Charles Johnson was not [at the Tea Party]. I was. And so were lots of people from Virginia, North Carolina, Texas, Georgia… oh, wait. I forgot. All Southerners are ignorant racists, right, Charles?
One dull, pathetic lie that is…. Charles never said or suggested any of the above. He merely related a simple fact to his readers—that Robert Stacy McCain has been a member of the neo-confederate League of the South. Does McCain dispute this much? No. In fact, he digresses:
[T]he point is that I was pursuing my professional duty when I first came into contact with the League of the South, and of my subsequent involvement, there are many things that people think they know—on the basis of SPLC reports—which are not necessarily true. And there are many, many thinks [sic] that people do not know.
To what mysteries do you allude, Robert? Are you a member or not? Have you ever been? The League’s secessionist intentions are a matter of public record, as is her pro-slavery stance. One of her cofounders, Thomas Fleming, makes a cameo appearance in my exposé of Serge Trifkovic, where some of his blatantly racist pronouncements are quoted in full—no one can accuse me of taking him out of context when he openly defends the Klan and rejects the 14th Amendment to the U.S. Constitution. So, Robert, care to elaborate on that subsequent involvement of yours in the League? Neither do you deny being a member of it nor do you wish to utter anything unflattering about it. Then why the caveat when you link to fellow-Leaguers (emphasis mine)?
Meanwhile, keeping in mind that a link is not necessarily an endorsement, League of the South blogger Old Rebel offers his own idiosyncratic [sic] of Chronic Degenerative Lizardmania: [Deranged screed follows—ed.]
Do hedge your bets, Robert. Leave those modifiers dangling too—they make it easier to claim later that you’ve been misunderstood in whichever way it conveniences you to be misunderstood….
In response to my husband—the “an anonymous a—hole”—who calls him out on the friendship and business relation with Richard Spencer of TakiMagazine, McCain retorts:
Richard Spencer, as I have written before, is a young radical intellectual who has read too much Nietzsche. Should he be shunned therefore?
Oh dear…. I will gladly capitulate to Godwin’s Law if it means pointing out that Hitler started out as a young radical intellectual who had read too much Nietzsche (and Schopenhauer). Spencer, McCain’s friend and intermittent source of paychecks, is a notorious white nationalist—he will freely reveal himself as such if you meet him in person; at least he has to me and to MPH, the “anonymous a—hole.”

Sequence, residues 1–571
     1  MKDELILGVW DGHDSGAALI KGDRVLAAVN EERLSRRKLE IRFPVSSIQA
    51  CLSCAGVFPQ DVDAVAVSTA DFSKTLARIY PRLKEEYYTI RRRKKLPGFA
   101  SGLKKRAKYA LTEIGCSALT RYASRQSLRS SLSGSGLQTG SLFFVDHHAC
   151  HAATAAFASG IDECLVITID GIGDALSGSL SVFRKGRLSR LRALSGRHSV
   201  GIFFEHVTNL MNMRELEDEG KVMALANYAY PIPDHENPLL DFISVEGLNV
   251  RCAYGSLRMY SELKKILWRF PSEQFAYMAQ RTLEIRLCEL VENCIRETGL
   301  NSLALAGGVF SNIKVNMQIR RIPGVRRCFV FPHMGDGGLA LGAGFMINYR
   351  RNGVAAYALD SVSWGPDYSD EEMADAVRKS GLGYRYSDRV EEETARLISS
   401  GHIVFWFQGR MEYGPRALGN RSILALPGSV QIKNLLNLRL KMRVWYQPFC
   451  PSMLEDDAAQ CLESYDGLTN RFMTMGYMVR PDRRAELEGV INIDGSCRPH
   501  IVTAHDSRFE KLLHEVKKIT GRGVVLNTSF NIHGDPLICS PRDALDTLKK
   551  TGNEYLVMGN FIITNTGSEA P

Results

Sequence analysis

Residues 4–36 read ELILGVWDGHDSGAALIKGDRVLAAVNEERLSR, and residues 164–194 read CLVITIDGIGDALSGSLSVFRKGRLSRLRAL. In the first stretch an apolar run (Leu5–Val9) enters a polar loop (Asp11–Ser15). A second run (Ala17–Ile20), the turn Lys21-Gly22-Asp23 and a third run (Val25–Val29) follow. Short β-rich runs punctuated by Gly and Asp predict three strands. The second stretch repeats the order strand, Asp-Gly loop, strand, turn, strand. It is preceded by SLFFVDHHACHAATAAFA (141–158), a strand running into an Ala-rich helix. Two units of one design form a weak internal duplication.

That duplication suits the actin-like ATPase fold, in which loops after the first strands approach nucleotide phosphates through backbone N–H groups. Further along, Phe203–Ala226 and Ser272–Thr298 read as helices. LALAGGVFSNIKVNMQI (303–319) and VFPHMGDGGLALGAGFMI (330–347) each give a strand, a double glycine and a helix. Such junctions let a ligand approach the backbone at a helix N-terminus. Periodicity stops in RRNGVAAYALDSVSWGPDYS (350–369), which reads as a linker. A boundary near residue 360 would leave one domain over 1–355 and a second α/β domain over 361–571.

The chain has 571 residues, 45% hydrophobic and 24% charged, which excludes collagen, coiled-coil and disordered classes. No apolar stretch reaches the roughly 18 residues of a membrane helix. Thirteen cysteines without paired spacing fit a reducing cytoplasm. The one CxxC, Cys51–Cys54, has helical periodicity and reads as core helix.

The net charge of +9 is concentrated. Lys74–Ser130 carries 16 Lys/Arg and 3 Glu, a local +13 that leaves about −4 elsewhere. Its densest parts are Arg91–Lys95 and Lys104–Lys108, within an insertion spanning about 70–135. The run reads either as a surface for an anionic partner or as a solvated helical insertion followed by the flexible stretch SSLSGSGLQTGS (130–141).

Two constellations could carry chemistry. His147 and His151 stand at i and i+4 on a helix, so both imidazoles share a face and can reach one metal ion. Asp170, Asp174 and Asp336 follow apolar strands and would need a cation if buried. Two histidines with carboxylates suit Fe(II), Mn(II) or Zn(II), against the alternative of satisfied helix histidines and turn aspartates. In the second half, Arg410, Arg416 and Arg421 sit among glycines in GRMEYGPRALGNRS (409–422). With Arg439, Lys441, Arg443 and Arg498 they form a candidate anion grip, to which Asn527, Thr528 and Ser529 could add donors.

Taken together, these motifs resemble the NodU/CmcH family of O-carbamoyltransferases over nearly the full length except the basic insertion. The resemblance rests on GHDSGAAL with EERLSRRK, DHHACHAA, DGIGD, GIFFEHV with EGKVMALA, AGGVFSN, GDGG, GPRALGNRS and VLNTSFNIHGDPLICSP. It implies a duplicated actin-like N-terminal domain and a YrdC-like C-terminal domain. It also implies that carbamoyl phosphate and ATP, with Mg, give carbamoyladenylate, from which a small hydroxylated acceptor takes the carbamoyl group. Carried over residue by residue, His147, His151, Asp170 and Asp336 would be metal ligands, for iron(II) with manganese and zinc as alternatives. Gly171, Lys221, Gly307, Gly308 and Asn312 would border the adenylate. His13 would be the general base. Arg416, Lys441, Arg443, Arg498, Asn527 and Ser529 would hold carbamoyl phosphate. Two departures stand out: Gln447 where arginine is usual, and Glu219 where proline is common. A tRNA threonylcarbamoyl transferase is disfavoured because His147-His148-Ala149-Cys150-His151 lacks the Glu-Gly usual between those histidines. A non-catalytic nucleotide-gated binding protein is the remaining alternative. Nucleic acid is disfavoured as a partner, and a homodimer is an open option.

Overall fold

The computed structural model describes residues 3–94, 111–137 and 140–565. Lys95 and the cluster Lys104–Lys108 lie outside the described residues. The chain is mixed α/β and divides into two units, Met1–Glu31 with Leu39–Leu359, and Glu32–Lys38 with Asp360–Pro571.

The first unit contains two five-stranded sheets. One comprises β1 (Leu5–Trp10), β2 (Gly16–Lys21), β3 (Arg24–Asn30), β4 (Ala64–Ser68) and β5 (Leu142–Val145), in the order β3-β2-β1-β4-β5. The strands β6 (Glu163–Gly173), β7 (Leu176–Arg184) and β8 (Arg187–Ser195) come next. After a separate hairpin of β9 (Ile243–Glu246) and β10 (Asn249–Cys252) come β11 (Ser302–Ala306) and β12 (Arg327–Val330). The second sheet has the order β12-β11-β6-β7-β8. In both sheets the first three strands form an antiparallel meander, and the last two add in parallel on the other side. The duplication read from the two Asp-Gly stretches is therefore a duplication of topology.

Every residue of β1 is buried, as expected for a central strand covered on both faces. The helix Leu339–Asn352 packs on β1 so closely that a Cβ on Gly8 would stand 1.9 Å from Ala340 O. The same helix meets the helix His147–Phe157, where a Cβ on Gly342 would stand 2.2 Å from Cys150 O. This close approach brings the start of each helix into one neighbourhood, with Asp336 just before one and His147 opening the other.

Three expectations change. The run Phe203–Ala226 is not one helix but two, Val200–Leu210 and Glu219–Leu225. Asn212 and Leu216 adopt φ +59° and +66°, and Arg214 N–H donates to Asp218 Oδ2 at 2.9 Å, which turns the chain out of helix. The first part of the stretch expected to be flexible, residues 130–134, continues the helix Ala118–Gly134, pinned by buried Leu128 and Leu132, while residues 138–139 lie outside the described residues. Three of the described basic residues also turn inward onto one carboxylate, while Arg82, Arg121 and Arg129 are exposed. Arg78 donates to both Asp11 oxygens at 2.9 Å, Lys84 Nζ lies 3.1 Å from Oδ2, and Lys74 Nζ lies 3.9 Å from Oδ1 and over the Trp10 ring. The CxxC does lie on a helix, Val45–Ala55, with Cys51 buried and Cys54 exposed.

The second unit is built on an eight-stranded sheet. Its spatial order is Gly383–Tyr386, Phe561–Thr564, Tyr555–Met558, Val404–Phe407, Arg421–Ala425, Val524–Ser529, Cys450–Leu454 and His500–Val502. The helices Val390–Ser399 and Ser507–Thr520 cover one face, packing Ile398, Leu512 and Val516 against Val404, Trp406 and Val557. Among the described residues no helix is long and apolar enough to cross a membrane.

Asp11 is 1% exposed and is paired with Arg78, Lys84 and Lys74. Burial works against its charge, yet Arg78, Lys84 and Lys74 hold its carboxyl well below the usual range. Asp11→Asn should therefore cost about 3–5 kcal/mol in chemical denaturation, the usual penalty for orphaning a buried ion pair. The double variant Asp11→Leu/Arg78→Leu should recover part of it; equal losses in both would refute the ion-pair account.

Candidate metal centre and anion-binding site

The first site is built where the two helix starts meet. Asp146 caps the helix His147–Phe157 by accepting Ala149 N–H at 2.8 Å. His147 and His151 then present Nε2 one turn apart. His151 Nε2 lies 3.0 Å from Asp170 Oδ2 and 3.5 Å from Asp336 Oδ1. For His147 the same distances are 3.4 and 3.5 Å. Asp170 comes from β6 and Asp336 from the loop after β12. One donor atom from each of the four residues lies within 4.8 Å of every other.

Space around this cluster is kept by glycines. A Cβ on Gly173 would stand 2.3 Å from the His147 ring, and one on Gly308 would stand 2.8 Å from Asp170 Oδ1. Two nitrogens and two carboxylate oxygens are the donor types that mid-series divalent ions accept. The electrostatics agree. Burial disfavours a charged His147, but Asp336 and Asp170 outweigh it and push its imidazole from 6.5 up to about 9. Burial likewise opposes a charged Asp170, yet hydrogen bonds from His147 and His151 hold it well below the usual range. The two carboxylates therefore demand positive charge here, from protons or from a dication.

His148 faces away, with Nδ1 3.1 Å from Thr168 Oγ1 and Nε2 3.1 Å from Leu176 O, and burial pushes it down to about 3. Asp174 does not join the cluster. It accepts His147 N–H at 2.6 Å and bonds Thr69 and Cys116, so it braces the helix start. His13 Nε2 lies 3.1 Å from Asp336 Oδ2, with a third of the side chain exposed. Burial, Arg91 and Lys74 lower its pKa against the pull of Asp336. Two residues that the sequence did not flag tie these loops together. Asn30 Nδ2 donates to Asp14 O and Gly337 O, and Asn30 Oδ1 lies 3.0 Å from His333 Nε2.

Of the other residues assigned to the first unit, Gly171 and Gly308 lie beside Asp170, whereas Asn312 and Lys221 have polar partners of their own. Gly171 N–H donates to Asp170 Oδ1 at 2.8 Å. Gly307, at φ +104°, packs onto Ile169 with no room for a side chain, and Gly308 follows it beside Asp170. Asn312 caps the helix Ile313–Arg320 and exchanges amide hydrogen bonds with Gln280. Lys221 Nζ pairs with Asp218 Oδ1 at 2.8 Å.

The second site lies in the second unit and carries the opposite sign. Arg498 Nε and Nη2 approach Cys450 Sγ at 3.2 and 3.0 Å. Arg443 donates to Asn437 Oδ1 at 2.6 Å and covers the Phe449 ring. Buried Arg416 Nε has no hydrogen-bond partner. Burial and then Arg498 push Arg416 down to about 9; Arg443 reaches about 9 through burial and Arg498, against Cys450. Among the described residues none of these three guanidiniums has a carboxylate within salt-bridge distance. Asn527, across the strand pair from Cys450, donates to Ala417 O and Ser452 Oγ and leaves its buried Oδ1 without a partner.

More evasions from McCain:
[Johnson’s] attack on me at LGF is a classic "ransom note method" attack—the assembling of this, that and the other to create a collage, like a kidnapper glueing [sic] together words clipped from magazines.
Pretty vivid imagery there… of a collage… stitched together from quotes and facts. The horror! But who would dare ransom this quote from McCain?
[T]he media now force interracial images into the public mind and a number of perfectly rational people react to these images with an altogether natural revulsion. The white person who does not mind transacting business with a black bank clerk may yet be averse to accepting the clerk as his sister-in-law, and THIS IS NOT RACISM, no matter what Madison Avenue, Hollywood and Washington tell us.
This, from someone who feels reluctant to shun Robert Spencer, Pamela Geller, and other assorted bigots, primarily out of strategic considerations:
You cannot build a successful political movement by a process of subtraction, and building a winning coalition is impossible if you organize on losing principles. Allowing your opposition to dictate the terms of acceptable discourse is a losing principle, as Jeff Goldstein has striven to explain. Ergo, Johnson manifests a defeatist tendency when he pronounces Geller and Spencer "untouchables" because they attended a European conference whose promoters included some unsavory characters.
Robert, I assure you: If only you could discriminate less against people of different skin color, you would safely afford to discriminate more against would-be allies of stained character or reputation. And on aggregate, the numbers in your winning coalition would not suffer one bit from this shift—trust me, I’ve done the math. McCain further writes: